August 2, 2013

Poor Leadership Let Bradley Manning Hurt Us

Many ask how Bradley Manning was able to access, amass and expose 700,000 of our nation’s classified documents. The simple answer is the use of a Lady Gaga CD and abuse of the trust that was placed in him to not copy classified data and release it to the world. But failed leadership gave him an unparalleled opportunity. Pouring over various leaders’ own words as reported on alexaobrien.com  and Bradley Manning’s defense’s request for Article 32 witnesses portray a clear picture of the litany of errors. They are shocking but at no time do they excuse Bradley Manning from responsibility for his crimes. Doing so would be like blaming a bad cop for a criminal committing murder.

Manning served in a unit with some severe leadership challenges. COL David M. Miller, BDE commander, moved Manning’s officer in charge, Major Cliff Clausen, the S-2 or intel section chief, while deployed because after six months this officer didn’t “communicate information the way the commander needed it.”  Four months later, Manning’s company commander was relieved for poor accountability and decision making. These changes had no direct impact on Manning, but they do indicate some shortcomings in enforcing standards.

Bradley Manning was an analyst in the intel section of a BDE HQ of the 2nd BDE 10th ID. His unit was under great pressure to deploy. Intel analysts don’t grow on trees and aren’t easily replaced. The more problem troops a command leaves behind, the greater the challenge one places on a rear detachment which is a skeleton crew with varying levels of “talent.” Manning’s NCOIC MSG Paul Adkins knew things about PFC Manning that would have kept him home (a pattern of antisocial behavior, yelling at superiors, and pictures demonstrating he had gender identity issues, which would have been grounds for a chapter from the service). The NCOIC chose not to share those issues with his chain of command. Again, not an excuse for Manning’s behavior, but one of many mistakes that kept Manning in a position to hurt the nation.

Once deployed, two key factors emerged that facilitated Manning’s future crimes. First, his NCOIC was allowed wide latitude by the relieved S2. Not bad in and of itself, but mistakes were not corrected and MAJ Clausen had no relationship with his troops. This was allowed to continue under the new S2, CPT Steven Lim, where at least two officers and as many NCOs who voiced reservations about Manning, his behavior and suitability for access to classified info were told that this was “NCO business.” On one occasion where Manning was being counseled for being late, he flipped a table causing two computers and a radio to crash to the ground. He had to be placed in a full nelson by a warrant officer to calm down. He was counseled, but access to classified data and a weapon were still allowed.


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About the Author

MAJ (Ret.) Will Rodriguez Will served over 20 years as an Infantry officer serving in Europe, the Middle East, Korea and Latin America. He has extensive experience in both light Infantry and mechanized warfare to include combat. He was selected to serve as a TAC at West Point and his final assignment was to the Infantry’s Battle Lab conducting research on tomorrow’s Infantry force. He concentrated in National Security at West Point, holds a Master’s Degree in Counseling & Leadership Development and is a graduate of the Combined Arms General Staff College. Born and raised in a tough section of New York City, Will lost his accent in the Army but kept the attitude. Read more from Will at http://gruntsandco.com/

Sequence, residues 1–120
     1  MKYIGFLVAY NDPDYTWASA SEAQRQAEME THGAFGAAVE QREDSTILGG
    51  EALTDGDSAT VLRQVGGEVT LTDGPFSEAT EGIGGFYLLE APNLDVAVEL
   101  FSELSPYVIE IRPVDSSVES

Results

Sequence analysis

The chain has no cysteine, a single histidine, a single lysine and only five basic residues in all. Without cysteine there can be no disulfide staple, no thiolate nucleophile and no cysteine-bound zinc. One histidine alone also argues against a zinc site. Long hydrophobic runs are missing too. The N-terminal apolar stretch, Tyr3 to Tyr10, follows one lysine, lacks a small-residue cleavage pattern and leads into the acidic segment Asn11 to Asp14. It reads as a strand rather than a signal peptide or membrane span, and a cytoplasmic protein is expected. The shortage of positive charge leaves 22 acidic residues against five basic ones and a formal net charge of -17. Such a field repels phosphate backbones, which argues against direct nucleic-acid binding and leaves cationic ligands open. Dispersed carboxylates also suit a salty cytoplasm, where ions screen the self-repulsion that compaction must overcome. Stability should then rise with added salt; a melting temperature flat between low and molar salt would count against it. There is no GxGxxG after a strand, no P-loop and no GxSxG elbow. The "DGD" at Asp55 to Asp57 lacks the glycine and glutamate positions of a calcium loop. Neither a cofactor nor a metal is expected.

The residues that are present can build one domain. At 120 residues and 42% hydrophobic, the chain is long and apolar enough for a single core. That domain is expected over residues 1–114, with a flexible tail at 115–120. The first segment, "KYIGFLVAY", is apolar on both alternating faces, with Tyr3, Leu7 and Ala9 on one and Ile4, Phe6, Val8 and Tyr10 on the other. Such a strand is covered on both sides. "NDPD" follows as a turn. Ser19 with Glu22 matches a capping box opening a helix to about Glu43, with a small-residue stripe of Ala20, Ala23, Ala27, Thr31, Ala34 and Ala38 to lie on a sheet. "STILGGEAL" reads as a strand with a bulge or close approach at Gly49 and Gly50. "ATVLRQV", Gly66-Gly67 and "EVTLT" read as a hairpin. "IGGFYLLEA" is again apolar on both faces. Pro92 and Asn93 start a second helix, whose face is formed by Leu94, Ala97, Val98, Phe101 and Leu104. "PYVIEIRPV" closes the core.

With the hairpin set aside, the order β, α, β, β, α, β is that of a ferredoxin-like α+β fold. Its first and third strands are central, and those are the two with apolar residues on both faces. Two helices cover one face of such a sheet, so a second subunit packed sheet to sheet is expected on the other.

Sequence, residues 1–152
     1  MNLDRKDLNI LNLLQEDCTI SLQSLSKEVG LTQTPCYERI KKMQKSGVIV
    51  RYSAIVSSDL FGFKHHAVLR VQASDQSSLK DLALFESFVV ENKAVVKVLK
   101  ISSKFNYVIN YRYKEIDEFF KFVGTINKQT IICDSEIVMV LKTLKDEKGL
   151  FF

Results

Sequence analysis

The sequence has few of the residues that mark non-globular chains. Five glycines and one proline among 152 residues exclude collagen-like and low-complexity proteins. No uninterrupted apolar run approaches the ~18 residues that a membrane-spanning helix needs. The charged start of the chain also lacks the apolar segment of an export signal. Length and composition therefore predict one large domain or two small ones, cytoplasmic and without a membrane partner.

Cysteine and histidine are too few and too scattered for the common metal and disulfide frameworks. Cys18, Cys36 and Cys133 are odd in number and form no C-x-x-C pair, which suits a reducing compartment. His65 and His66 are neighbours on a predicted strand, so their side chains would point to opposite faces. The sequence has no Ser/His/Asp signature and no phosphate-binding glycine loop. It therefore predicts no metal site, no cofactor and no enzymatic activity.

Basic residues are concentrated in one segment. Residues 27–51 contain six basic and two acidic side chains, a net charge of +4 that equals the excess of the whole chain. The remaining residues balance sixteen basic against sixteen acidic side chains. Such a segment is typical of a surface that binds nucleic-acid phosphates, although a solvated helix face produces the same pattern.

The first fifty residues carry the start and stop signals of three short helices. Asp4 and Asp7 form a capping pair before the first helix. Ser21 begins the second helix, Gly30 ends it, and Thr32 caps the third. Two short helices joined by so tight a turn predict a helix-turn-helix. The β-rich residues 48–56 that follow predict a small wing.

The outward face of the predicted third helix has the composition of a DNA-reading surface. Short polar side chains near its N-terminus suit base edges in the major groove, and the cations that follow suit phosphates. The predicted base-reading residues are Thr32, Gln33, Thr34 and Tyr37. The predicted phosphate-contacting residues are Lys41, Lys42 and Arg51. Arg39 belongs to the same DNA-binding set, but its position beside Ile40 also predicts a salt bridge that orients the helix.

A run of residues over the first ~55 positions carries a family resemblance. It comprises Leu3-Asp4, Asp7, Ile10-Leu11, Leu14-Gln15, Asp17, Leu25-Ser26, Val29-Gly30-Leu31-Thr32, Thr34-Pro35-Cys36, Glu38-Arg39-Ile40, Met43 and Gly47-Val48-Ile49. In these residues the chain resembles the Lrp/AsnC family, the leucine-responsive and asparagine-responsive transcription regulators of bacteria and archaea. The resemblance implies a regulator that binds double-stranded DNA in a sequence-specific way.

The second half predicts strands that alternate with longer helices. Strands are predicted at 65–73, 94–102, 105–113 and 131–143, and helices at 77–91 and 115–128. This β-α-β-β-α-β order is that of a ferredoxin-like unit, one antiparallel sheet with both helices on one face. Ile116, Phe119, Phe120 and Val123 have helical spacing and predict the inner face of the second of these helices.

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  • SEAL76

    Poor leadership is the cause for so many of the problems that our modern armed forces have and had. The war in Vietnam was lost because of poor leadership from politicians and general officers. The wars in Afghanistan and Iraq were fought bravely by the men who were assigned to both of those wars. Leadership from politicians was abysmal. Nation building and trying to establish democracies in areas not suited for that kind of government have cost the  needless loss of dedicated service personnel. Generals and Admirals who were too weak to tell the politicians that the armed forces purpose is to engage and destroy the enemy are to blame. Unreasonable ROE and lawyers have no place in war. As for Manning he is a traitor and got far less than he deserved for his crimes.

  • majrod

    "Manning Takes Stand, Apologizes for Hurting US"  http://www.military.com/daily-news/2013/08/15/manning-takes-stand-apologizes-for-hurting-us.html?ESRC=eb.nl Funny how waiting on a judge to decide on how much of 90 years in jail you should get can make you sorry...

  • majrod

    FWIW, the below article confirmed the BDE XO and first S2 that was relieved also recieved letters of reprimand. Kerns and Clausen both said they received letters of reprimand as a result of an Army investigation into Manning's actions. They are among 15 people disciplined in the case." http://www.military.com/daily-news/2013/08/13/manning-defense-keys-on-mental-health-leadership.html?ESRC=eb.nlThe defense strategy in the sentencing phase has focused on Manning's mental health and poor leadership.  Just gotta love how in today's society you can blame a boss for one's decision to do the wrong thing.   It's akin to "my boss didn't lock the register so he made it too easy for me to steal".

  • majrod

    Here is an interesting blog written by a former Captain doing time in Leavenworth.  Interesting in respect to a view from the inside. http://captainincarcerated.wordpress.com/ He never mentions what he did which makes me leery AND curious.

  • majrod

    cllueloyes and yes. http://www.court-martial.com/Practice-Areas/Appeal-Of-Actions-Under-The-UCMJ/UCMJ-Clemency-And-Parole.shtml I've heard 5% of military convicts get parole but I can't confirm.